As always, I don’t mean to insult any of them as people, or even to say they are wrong. I’m merely pointing out that their solutions generally involve outsourcing the locus of control to huge top-down organisations such as the EU (another post-left/right hybrid of old-left social policy and Thatcherite economic liberalism).

I think Theresa May started off more of a Watermelon, but has gradually found her own locus of control, rising to the challenge of Brexit now she’s realised that that’s just the way it is. I give Theresa May the benefit of the doubt as a ripening Banana, a good lady with the country’s best interests at heart, going through something of a personal transformation and spiritual rebirth following her very public ego death earlier in the year. What a narrative, especially if she can hang on and, five years from now, finally win the massive majority she always wanted!

Left-wing Bananas are those mavericks like Kate Hoey, George Galloway, Dennis Skinner, even Tony Benn (RIP), whose socialism retains that local rather than global locus of control. On balance, Jeremy Corbyn is far more in this vein than anyone from the New Labour era. That’s probably why he’s so popular with the public (well, sections of the public).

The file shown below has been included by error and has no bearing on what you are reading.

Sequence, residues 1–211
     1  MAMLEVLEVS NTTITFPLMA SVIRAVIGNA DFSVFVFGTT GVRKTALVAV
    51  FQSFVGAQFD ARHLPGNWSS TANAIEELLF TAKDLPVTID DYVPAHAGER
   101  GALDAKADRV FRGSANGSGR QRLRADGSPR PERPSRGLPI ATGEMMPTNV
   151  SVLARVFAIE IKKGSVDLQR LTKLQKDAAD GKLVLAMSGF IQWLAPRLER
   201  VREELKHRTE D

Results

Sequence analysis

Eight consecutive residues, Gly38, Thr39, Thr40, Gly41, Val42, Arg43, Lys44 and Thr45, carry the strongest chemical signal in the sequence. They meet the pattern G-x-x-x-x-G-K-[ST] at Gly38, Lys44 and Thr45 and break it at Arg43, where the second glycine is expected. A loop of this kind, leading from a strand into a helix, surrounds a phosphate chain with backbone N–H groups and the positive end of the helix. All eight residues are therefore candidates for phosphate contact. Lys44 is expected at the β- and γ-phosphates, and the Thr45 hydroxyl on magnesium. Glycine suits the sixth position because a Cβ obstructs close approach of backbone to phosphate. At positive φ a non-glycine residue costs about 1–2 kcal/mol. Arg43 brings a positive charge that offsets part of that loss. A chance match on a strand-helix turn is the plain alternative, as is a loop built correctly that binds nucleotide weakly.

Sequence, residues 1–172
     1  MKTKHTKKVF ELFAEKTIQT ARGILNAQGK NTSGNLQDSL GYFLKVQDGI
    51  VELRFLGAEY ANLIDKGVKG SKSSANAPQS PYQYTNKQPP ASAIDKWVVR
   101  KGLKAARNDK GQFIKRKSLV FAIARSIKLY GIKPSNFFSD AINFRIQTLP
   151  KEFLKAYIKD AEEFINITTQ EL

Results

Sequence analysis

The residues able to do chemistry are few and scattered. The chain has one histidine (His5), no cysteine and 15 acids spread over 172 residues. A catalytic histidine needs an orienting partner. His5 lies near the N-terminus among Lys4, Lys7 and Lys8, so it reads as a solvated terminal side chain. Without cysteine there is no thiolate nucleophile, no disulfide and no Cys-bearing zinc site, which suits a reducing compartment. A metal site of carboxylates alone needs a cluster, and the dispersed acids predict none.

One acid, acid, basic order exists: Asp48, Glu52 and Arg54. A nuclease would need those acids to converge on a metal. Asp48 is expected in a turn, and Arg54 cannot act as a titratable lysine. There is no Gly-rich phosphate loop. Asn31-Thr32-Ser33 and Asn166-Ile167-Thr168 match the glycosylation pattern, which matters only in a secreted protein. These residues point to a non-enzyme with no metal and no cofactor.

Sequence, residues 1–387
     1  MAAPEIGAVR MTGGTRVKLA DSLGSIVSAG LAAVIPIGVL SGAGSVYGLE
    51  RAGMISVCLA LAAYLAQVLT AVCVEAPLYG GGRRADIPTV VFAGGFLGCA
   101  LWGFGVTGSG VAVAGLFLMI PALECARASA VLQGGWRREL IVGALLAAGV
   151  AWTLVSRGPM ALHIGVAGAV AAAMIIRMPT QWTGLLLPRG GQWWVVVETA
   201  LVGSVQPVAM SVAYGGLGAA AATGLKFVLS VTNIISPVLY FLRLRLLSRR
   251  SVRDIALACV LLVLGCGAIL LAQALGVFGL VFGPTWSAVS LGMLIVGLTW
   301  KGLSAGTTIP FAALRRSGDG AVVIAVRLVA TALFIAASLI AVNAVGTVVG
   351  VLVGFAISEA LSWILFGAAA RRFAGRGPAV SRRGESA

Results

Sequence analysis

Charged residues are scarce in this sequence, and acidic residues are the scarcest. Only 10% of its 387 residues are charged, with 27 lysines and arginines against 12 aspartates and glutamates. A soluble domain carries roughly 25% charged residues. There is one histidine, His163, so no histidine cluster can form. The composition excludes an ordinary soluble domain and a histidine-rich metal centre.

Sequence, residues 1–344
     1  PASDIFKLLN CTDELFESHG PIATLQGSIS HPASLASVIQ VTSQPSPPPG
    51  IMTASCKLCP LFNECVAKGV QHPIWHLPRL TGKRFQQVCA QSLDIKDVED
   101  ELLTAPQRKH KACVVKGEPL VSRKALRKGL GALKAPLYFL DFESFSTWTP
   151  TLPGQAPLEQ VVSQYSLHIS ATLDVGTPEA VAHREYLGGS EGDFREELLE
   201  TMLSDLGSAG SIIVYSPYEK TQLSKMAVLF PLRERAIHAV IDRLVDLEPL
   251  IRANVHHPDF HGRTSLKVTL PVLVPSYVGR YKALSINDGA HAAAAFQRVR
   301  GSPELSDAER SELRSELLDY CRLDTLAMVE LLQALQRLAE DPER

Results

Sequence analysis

I may possibly be the only person in Britain who genuinely likes both Theresa May and Jeremy Corbyn, and I am confident that, were I to have a ten minute chat with each of them, they would both be on the side of reason regarding wind blight.


If you can find a pattern in all the above, good luck to you! The locus of control spectrum is complex and inexact, and we each have different loci according to different issues. So it’s not so much left-wing vs right-wing, more a case of local vs global, and both the UK and the US seem to have now opted for a more localised approach after years of globalist dominance. This effectively puts the kibosh on large-scale, Agenda 21-imposed wind energy projects for the foreseeable future. I won’t say forever, but certainly not in the next few years. Dare I say it, for now, the Bananas have won the wind farm debate in the UK, well England at least. Wales has been stung badly. Scotland is another story altogether…